Living in a multicultural space we sometimes take for granted our festival traditions. Today being the celebration of the religious festival of Divali, we all pay respect on this new moon day in the Hindu calendar, to demonstrate our appreciation of its universal meaning – the victory of light over darkness, good over evil and knowledge over ignorance. In this glorious period, it is not only citizens of East Indian descent that don the resplendent fashions of our Indian heritage. Indeed, it is an occasion whereby we proclaim our multiethnic status.
Indian fashion has always fascinated me, from my days of viewing the Indian movies on Sundays, when we had just one television channel. I was quite in awe of the magnificence of the intricate needlework, the sheer luminosity, the exquisite textures and the regal layering which all bespeak an Asiatic allure. Never would I have guessed, at that time, that I would go on to do an internship with the Indian High Commission which prepared me to auction Indian wear at the Mahatma Gandhi Institute of Cultural Cooperation. So I became slightly adept at some of the fashion terminologies, appreciating outfits like the gagra choli ensembles and salwar kameez suits, for instance.
Now I see how some seminal components of Indian wear have caught on as international fashion inspiration. A dupatta/orhni – the veil/scarf to cover head and screen face – worn with a choli top and a sari or a lehenga – long skirt – are the traditional Indian clothing for women and variations of this composite have influenced world trends to produce an Indo-Western fashion aesthetic. Notwithstanding, here in the region, we also have cultivated an Indo-Caribbean taste that fuses elements of colour choices, textile preferences, ethnic details and Eastern silhouettes to identify with this peculiar persuasion. However, true Indian wear still remains predominantly Subcontinental style.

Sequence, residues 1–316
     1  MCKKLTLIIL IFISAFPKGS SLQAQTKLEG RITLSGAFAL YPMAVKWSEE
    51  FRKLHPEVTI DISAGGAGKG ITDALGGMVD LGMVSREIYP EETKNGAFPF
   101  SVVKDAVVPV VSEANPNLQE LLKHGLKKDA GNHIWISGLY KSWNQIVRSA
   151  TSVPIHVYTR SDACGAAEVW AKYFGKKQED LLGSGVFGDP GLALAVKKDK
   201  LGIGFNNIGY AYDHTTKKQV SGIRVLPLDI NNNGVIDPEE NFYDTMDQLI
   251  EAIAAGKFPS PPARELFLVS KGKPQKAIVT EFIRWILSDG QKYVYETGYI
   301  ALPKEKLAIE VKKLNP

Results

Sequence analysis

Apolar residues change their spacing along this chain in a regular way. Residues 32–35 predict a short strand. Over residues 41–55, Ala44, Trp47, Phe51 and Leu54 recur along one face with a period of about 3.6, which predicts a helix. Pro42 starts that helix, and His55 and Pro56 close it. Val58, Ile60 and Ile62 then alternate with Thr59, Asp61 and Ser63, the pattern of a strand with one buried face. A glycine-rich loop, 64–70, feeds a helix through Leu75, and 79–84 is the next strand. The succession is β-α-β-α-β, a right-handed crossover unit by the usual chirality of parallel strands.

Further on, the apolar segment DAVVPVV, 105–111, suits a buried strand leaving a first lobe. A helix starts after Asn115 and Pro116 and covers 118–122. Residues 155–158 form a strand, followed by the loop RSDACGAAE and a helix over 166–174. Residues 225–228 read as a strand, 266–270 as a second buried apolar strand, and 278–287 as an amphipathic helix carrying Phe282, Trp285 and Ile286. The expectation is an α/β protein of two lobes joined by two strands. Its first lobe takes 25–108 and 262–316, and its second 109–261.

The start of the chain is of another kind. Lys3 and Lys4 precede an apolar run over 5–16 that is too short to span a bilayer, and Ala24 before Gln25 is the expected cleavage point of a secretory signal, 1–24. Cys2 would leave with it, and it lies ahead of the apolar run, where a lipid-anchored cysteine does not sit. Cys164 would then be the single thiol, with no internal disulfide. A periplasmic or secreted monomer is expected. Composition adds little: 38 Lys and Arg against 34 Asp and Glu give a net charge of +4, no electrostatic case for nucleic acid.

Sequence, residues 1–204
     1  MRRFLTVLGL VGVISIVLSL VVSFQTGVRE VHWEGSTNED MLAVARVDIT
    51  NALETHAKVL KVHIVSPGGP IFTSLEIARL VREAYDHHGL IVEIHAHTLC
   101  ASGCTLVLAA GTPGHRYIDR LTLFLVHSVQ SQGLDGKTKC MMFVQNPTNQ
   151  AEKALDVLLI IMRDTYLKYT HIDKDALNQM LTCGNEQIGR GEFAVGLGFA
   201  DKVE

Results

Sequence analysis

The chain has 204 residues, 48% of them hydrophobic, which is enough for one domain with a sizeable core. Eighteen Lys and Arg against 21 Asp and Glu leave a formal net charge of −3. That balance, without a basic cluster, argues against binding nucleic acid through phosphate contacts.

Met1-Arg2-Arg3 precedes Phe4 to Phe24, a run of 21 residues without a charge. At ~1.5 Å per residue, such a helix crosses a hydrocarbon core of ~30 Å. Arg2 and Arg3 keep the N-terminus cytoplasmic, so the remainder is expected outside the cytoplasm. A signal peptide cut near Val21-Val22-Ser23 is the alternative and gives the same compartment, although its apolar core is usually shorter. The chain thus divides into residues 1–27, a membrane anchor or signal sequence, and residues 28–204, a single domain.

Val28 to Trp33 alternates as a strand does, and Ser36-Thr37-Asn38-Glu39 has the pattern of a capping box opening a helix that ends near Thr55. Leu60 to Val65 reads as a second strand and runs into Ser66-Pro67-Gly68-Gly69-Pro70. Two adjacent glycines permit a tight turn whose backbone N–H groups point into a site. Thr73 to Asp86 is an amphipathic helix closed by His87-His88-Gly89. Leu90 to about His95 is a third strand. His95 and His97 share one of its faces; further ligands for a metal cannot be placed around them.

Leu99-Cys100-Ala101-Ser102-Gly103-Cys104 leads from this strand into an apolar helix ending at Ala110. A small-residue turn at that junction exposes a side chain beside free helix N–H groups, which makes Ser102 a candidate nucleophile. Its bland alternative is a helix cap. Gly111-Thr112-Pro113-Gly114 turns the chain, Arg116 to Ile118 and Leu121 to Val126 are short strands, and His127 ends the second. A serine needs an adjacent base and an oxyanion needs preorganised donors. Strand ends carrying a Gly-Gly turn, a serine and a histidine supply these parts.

In a recent interview on CNC3, Neha Karina, who can be dubbed an Indo-Western-fusion designer speaks of “regal styling, exotic imagery and lavish ornamentation.” These qualities used suitably is how she defines tasteful Indian-inspired style. She spoke of the cool Caribbean aspect which has transposed itself on to our interpretation of Indian style. Comfort combined with flair must pertain but with a profoundly subtle oriental look. She posits that the sophistication of Indian inspired designs no longer confines its wearer to those of Indian heritage. Everybody is enraptured with this Asiatic allure.
On a recent photoshoot with Tya Jané Ramey, Miss Trinidad and Tobago World 2019, she expressed her absolute exuberance and the overwhelming honour she feels being able to represent this multiethnic nation-state. “In a month’s time, I go off to London where my presence will be a reflection of our cosmopolitan status. Being able to celebrate our cultural diversity and our sense of all-inclusivity humbles me. Today, I have been given yet another privilege to portray our Indian heritage and this fills me with insurmountable pride which underscores our unique and distinctive identity, as a people” she said.
I take this opportunity to salute our national multicultural status characterised by our plural personality and our eclectic sense of style on the this-here festival of lights. A monumental holiday heralding, symbolically, a realm of prosperity to come, and commemorating the lifting of spiritual darkness. Shubh Divali!
Photography: Luvo Cinematography
Make up: Karah Ramnarine-Shah (Lacara Makeup)
Fashion: House of Zari
Model: Tya Jané Ramey